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I am wanting to ask if anything can be done to change a plea bargain. My 25 year old daughter was murdered in a very, very brutal way in Hays, Kansas in 2004 and the county attorney agreed to a plea bargain, which is what he ALWAYS does. The boyfriend who murdered my daughter only received 14 years, 4 months in prison for reckless homicide, which includes the time he spent in jail. Now this boyfriend who murdered my daughter gets out of prison in two years! Can anything be done to upgrade or change this to a sentence that fits the crime, such as a life sentence, (off the grid sentencing?) I fought for, and we initially had the charges upgraded from intentional homicide to first degree murder when we had assistance from the attorney general’s office. Then, this attorney from the AG’s office with many years of experience, who originally helped the county attorney, died of cancer so another attorney from the AG’s office with little experience helped us. The county attorney wanted a plea bargain and this is what happened without my family’s input! The county attorney sold us out and there is no justice for my daughter, Lindsay! Can we ask for a reconsideration and a re sentencing? The punishment did not at all fit the crime! Can we ask for an upward disposition and show that the judge overlooked the serious nature of the crime? If we can do this, what is the process? Will I need to find some similar cases/case law to show a precedent?  I need some direction on this please.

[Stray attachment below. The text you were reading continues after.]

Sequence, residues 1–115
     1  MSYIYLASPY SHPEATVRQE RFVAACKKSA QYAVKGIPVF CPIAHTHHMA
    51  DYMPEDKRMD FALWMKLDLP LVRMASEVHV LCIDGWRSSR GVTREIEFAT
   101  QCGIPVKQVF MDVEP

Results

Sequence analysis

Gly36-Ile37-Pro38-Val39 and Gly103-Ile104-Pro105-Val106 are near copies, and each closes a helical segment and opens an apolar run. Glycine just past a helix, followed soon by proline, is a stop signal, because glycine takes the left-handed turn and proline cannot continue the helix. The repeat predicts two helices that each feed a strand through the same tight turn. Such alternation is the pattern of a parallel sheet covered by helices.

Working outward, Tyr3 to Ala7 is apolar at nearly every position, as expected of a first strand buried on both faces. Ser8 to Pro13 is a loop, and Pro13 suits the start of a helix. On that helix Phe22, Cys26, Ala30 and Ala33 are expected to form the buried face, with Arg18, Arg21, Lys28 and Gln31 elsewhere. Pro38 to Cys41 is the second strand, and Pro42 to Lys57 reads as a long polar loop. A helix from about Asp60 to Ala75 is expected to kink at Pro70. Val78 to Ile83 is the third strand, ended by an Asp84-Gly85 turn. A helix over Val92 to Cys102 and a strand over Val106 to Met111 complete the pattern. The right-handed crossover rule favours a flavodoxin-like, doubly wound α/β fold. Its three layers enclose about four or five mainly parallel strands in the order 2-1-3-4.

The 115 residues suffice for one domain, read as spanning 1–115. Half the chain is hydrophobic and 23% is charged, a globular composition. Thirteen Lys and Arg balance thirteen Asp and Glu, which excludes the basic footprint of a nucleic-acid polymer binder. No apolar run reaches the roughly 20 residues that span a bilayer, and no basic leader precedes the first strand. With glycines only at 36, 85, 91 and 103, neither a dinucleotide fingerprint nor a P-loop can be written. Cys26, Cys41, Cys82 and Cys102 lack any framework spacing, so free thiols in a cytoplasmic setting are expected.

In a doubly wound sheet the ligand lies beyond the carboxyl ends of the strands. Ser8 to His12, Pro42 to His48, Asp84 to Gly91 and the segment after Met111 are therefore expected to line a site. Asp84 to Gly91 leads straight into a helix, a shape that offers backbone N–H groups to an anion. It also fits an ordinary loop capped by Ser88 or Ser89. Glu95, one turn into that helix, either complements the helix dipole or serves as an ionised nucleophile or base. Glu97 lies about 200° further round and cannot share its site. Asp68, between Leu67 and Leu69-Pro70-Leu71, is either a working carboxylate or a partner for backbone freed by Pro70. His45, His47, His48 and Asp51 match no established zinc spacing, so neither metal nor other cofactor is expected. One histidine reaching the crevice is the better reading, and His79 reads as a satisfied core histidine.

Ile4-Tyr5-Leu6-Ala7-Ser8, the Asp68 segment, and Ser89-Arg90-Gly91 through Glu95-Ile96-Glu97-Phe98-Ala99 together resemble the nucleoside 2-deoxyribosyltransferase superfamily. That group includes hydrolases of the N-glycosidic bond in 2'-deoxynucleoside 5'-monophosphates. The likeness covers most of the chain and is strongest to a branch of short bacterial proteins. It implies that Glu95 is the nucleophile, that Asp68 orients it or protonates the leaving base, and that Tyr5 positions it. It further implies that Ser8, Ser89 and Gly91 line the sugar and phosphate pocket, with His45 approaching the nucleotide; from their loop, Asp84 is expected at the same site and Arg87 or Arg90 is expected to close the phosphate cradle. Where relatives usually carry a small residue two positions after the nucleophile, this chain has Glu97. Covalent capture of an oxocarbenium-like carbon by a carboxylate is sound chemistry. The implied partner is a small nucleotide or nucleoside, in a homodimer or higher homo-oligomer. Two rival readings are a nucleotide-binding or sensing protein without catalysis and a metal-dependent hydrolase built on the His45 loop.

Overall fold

Unfortunately, the answer is “no.”  Once the plea-bargain is struck and the defendant and State agree to it, it can’t be undone unless the defendant (never the State) can show there were false pretenses or a mistaken understanding.  While the victim’s family should always be consulted before offering a plea bargain in a homicide case, there is no law requiring that to occur.  The family should consider filing a complaint against the prosecutor, if one is warranted.  I do not know whether the plea bargain was the right thing to do – there are cases in which a plea bargain makes sense due to serious concerns whether a jury will convict the defendant of the crime charged.  There are also cases in which prosecutors give too lenient a bargain due to a lack of toughness or confidence.  It is this latter group of cases that are offensive, yet it happens all too often.